The movie is titled Kin, so let’s meet the family: single dad Hal Solinsky (Dennis Quaid) is not particularly close to his two sons, 14-year old Eli (Myles Truitt) and 21-year old Jimmy (Jack Reynor), but is trying to provide a moral compass to them. Since Jimmy spent the last six years of Eli’s childhood behind bars, the two brothers aren’t all that close either. When Eli is out stealing copper wire to make some money, he finds some sort of futuristic weapon in a derelict factory filled with the bodies of dead soldiers.
This first movie in this new wizarding world (there are four more to come) is set in the past in relation to the Harry Potter movies. In 1920s New York to be exact. A lot of the movie therefore is spent on creating this new world and setting out the origins of this entirely new storyline. And it is a lovingly crafted world with lots of fantastic creatures, but unfortunately, it lacks an interesting plot and worse in view of four more movies in the pipeline, it lacks an interesting central character.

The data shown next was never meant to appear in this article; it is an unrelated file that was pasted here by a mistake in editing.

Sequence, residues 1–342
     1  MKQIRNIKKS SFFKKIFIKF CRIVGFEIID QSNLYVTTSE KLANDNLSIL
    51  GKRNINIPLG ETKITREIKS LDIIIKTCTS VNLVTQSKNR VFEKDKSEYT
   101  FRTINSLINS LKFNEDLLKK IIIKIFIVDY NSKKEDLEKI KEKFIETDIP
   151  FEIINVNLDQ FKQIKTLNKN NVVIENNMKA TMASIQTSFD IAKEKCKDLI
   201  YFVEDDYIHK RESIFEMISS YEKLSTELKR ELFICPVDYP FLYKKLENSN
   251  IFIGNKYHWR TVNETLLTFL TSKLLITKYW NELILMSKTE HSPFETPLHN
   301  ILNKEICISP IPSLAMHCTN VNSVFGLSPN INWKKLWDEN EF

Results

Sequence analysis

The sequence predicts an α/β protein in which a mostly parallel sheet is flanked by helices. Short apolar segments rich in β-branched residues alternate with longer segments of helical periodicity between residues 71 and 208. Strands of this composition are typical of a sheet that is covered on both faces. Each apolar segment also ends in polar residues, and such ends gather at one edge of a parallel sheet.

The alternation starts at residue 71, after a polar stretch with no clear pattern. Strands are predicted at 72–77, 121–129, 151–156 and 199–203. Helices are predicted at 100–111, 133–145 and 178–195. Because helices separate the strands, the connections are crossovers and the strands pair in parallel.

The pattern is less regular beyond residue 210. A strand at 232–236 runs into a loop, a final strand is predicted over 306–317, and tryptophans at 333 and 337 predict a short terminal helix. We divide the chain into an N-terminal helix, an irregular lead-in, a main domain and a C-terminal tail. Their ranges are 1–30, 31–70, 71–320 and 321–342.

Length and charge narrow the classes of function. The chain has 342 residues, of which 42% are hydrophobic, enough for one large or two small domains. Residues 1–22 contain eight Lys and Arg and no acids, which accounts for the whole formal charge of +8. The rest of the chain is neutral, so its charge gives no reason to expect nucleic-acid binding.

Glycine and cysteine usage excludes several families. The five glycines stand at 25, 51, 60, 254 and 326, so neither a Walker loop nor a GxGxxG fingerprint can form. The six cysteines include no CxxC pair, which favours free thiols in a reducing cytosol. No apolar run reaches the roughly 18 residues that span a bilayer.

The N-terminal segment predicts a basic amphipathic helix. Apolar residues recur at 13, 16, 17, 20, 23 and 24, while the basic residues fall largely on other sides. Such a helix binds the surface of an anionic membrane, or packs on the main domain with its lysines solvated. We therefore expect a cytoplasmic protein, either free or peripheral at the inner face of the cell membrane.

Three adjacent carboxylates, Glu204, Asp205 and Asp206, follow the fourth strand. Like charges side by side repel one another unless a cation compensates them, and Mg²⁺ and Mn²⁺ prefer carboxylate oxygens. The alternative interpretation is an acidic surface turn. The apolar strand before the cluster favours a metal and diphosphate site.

Right from the opening sequence all the way through, this is an amazing visual and aural feast. The cinematography is beautful – every scene and every shot is a sight to behold. The car chases through the (Namibian) desert are insanely spectacular. And the soundstage is all-enveloping. All the things I like in an action movie.
Director Andrew Nicoll once again teams up with Ethan Hawke, just like they did in the excellent Gattaca (1997). And like Gattaca, Good Kill raises questions about the impact of technology developments on society at large through focusing on individuals and their personal struggles. This time in the context of warfare.